179th New York Volunteer Infantry
A Union Regiment Forged in the Petersburg Campaign
About Ed Rutan
During his senior year at Columbia forty-five years ago, Ed Rutan was torn between going to law school or to graduate school in history. He chose law school, but he resolved that one day he would write a publishable work of American History. Now, after a rewarding career as a lawyer, he has retired and is returning to American History.
Rutan served as the City Attorney for Salt Lake City from 2002 to 2013. He was instrumental in the development of Salt Lake City’s ordinance prohibiting discrimination in housing and employment based on sexual orientation and the City’s Open Government initiative. He also played a key role in the preservation of the Bonneville Bench above Salt Lake City as natural open space. Rutan received the Dr. G. Homer Durham Distinguished Service Award from the Utah Chapter of The American Society for Public Administration in 2013.
Before serving as City Attorney, Rutan worked for nearly twenty years in AT&T’s legal department. Starting off in New York City, he was later posted to Brussels as Counsel for Europe and the Middle East and then worked in Dallas as Law and Government Affairs Vice President for AT&T’s Southwest Region.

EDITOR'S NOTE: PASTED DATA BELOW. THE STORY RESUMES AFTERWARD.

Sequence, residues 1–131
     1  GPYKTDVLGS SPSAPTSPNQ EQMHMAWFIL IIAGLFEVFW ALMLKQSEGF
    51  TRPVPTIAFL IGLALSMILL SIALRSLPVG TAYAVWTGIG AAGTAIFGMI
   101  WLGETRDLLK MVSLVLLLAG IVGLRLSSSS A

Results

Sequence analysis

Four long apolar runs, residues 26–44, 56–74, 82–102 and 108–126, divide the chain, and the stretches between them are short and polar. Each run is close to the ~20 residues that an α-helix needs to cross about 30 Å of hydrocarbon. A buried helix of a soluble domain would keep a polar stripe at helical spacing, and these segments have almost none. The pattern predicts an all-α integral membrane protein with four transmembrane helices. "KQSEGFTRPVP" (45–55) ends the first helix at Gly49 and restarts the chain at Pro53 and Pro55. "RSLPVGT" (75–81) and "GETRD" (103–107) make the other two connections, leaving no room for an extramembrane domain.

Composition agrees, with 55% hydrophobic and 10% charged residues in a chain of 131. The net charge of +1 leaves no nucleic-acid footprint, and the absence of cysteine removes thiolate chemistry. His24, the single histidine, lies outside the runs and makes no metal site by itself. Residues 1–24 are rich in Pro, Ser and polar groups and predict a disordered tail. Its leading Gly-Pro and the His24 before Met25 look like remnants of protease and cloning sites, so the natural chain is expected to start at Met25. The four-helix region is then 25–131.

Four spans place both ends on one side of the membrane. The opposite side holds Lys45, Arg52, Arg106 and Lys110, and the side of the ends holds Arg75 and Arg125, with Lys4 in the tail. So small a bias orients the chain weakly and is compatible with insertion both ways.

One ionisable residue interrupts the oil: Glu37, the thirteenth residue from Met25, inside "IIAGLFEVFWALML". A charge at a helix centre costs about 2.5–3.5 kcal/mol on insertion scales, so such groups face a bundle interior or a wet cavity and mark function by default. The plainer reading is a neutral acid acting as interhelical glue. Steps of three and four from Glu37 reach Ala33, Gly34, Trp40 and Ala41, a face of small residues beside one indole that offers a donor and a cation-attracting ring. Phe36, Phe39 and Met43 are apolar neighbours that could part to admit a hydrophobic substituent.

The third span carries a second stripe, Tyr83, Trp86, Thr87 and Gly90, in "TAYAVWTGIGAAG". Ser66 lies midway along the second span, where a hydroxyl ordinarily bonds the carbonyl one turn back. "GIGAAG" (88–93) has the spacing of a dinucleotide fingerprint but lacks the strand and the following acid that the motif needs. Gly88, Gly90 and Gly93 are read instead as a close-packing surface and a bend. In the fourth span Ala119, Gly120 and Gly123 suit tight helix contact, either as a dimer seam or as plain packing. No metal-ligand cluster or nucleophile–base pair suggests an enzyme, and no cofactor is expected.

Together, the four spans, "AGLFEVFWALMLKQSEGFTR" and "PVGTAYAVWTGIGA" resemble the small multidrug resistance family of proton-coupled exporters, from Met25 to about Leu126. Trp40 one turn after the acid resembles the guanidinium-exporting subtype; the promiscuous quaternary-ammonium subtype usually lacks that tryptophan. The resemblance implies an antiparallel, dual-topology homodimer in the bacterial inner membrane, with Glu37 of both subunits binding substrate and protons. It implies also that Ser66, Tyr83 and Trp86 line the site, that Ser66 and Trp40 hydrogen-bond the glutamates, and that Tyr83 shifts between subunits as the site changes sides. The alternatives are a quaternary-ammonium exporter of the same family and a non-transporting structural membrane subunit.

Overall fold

He began his legal career as a litigation associate at a major New York City law firm after graduating cum laude from Harvard Law School and clerking in federal district court.
About seven years ago, Rutan requested a copy of the military pension file of his great-great-grandfather, who served in the 179th New York Volunteers during the Civil War, from the National Archives. What started out as a family history project slowly transitioned to a full blown history of the 179th New York Volunteers. Along the way he self-published The Civil War Service of James C. Rutan.
Rutan and his wife Lynne live in Park City, Utah where they enjoy skiing, hiking and traveling.